Culture is underlined in our social contract. It is what we know, live by and have grown to accept – even the wrongs which we sometimes criticize and cowardly follow. One consequence of our social contract is that, it equates masculinity with some rather troubling expectations of both men and women. Men are expected to be breadwinners, caretakers and protectors. Women are supposed to be homemakers and have nothing less than great culinary skills.
A report from the World Health Organization (W.H.O) states that, about one person in 5000-15000 dies by suicide every year (1.4% of all deaths), with a reported global rate of 10.7 per 100, 000 population in 2015. Rates of suicide mortality for women were lower than those for men in all countries except Liberia. Worldwide, the rates were about 16 deaths per 100, 000 men and 7 deaths per 100,000 women in 2016. Women around the globe experienced a greater decrease in suicide rate (49%) compared with men (nearly 24%) over the study period.
Research also stated that social constructions of hegemonic masculinity and femininity was a significant explanation for high suicide rates in males. This is explained in terms of the traditional gender roles. Male gender roles tend to emphasize greater levels of strength, independence, risk-taking behavior, economic status and individualism. Reinforcement of these gender roles often prevents males from seeking help for suicidal feelings and depression. Males vulnerability tend to heighten during times of unemployment because societal expectation hover around the fact that the man needs to provide for themselves and their families.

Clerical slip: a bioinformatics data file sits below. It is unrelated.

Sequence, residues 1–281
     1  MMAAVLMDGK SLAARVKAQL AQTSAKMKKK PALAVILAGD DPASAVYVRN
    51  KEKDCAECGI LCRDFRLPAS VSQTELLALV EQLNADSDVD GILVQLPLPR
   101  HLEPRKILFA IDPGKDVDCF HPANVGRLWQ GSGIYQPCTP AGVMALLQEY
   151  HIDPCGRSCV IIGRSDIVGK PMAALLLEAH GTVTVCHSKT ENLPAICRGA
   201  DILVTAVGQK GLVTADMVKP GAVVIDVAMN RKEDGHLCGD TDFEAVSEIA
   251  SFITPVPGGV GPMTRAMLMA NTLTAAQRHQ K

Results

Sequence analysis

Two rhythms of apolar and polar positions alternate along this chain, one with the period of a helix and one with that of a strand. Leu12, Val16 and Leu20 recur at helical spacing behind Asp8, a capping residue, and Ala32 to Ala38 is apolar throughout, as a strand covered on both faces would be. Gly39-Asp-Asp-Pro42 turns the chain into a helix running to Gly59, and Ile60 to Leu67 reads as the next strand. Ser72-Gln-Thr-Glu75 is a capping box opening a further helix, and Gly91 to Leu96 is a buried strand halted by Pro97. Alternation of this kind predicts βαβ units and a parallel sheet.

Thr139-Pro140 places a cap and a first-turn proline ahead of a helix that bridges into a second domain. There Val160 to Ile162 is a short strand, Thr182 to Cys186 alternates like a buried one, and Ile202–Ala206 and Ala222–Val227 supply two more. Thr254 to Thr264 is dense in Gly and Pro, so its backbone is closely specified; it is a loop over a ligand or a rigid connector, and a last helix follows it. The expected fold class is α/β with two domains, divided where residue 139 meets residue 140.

Culture’s essence cannot be overestimate in a shrewd way that affects our very existence. If we have to live a certain way or accept a certain norm, then it has to in the long run benefit us for generations. As much as we respect others culture, we also need to appreciate those who wholeheartedly reject what they have come to know and lived by initially.
Rather than prepare individuals for these troubling expectations, we can allow them to question the odds, cause social change and promote the necessary transformation that our societies yearn for. It seems like society sees flowers that could blossom into beautiful sunflowers and still expect them to be hibiscus just because we are used to seeing such.
Its perfectly fine if you’re the misfit. If you allow people to place some sort of value over your head, you’ll always end up doing what pleases them and makes them happy. Be bold enough to not accept what you don’t want and courageous enough to make calculated mistakes.
Take life slowly. Getting married at 30 is still beautiful. Starting a family at 35 is still great. Buying a house at 40 is still a boss move. Don’t let society rush you with its timelines.
Your happiness and mental health is more important than virtually planning to meet (sometimes) unrealistic societal expectations. Protect your peace.